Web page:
Levine, Park Advocates Call To Save Critical Parks Jobs

Levine Park Advocates Call for City to Save Critical Parks Jobs and ReturnThis morning, Harlem City Council Member Mark Levine led the first hearing for the Parks and Recreation Committee on the Fiscal 2017 Preliminary Budget for the Department of Parks and Recreation. Council Member Levine and leading park advocates called for restoring funding for maintenance workers and gardeners to support critical park staff and preserve 150 jobs.

In his opening statement, Council Member Levine highlighted new priorities for FY17, including more investment in urban park rangers, playground associates, community gardens, and a permanent extension of both the beach and pool seasons one week beyond Labor Day.

While city parks are stronger today than in years past due to better upkeep, improvements have not been felt equally throughout the city. Although there is a projected increase in the department’s total spending from $454.7 million in FY16 to $459.3 million for FY17, this represents a slight drop in the portion of the total city budget devoted to parks, from 0.58% this year to 0.56% next year.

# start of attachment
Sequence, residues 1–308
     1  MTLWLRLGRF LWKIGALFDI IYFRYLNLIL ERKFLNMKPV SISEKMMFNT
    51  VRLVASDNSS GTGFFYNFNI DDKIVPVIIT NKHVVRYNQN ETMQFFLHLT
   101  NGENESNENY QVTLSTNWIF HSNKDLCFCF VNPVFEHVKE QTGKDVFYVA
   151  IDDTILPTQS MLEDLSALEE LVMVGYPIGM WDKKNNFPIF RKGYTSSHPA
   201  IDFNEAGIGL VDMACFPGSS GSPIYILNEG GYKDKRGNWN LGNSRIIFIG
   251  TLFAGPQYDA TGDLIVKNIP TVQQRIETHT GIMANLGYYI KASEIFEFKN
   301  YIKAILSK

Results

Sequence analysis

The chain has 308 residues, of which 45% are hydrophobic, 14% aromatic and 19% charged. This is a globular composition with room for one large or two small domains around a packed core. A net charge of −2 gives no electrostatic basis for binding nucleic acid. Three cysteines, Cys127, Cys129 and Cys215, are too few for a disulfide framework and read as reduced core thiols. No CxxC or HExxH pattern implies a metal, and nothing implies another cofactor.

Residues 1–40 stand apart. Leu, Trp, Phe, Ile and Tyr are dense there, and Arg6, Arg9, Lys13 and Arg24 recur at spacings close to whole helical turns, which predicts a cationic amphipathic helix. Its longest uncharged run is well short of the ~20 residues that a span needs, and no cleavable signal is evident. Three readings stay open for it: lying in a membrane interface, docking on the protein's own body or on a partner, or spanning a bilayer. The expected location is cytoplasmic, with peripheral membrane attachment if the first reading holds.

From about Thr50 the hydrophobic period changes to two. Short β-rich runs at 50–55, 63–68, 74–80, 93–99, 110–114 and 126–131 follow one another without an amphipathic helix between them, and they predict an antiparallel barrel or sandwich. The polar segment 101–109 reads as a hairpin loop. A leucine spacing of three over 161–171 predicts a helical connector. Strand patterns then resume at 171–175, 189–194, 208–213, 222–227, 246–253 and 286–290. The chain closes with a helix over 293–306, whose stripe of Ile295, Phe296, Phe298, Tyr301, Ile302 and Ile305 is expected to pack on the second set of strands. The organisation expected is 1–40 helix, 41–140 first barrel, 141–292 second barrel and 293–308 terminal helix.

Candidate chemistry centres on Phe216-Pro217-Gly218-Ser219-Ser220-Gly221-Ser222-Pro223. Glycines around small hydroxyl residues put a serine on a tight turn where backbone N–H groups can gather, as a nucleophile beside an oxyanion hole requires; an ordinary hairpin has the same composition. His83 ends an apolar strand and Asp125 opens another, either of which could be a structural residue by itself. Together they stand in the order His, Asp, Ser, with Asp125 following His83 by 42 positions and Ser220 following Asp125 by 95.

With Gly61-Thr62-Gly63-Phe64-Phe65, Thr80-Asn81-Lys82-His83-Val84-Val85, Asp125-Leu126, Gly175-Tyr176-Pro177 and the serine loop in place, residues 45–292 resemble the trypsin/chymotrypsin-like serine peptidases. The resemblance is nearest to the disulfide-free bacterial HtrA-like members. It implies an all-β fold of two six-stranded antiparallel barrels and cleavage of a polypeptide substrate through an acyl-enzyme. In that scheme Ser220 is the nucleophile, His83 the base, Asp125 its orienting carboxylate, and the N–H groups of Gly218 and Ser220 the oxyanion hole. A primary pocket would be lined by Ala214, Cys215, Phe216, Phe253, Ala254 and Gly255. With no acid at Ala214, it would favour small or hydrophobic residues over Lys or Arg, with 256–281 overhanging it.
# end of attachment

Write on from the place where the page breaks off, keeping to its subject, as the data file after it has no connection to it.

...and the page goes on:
At the hearing, Council Member Levine argued for increased resources for the City’s parks, especially in low- and moderate-income neighborhoods. Specific items Council Member Levine urged to be part of the final budget include:


  • $1M to hire more Park Rangers, specifically those specializing in wildlife management.

  • $11M to further develop and expand the Department’s seasonal staff, including park workers, playground associates, gardeners and other supervisors.

  • $4.5M in expense funding for smaller vehicle fleets, which are not considered capital, and are especially important in larger parks like Riverside, Morningside or Van Cortlandt.

  • $500K to complete the Department’s extensive and informative tree census, which will give every tree its own webpage detailing its species, age, amount of maintenance and other useful information.

  • $2.6M for LIDAR mapping and for digitizing map files that will provide improved information for planning purposes as well as greater public transparency.

  • $1.7M to hire an artificial turf maintenance crew. As the number of artificial turf fields under DPR’s jurisdiction is growing, so is the need for special care and maintenance of these fields beyond the usual seasonal cleanups. A dedicated and trained crew should be put in place to make repairs and better fix turf issues as their arise.

  • $750K for GreenThumb to hire 6 Outreach Coordinators and 6 field technical staff–double the current levels–to better manage gardens and to hire additional staff to implement expanded education programs at the gardens and to help community groups resolve administrative issues.

  • $2.4M to permanently expand the beach season by a week beyond Labor Day, and to keep pools open an extra week for the first time as well.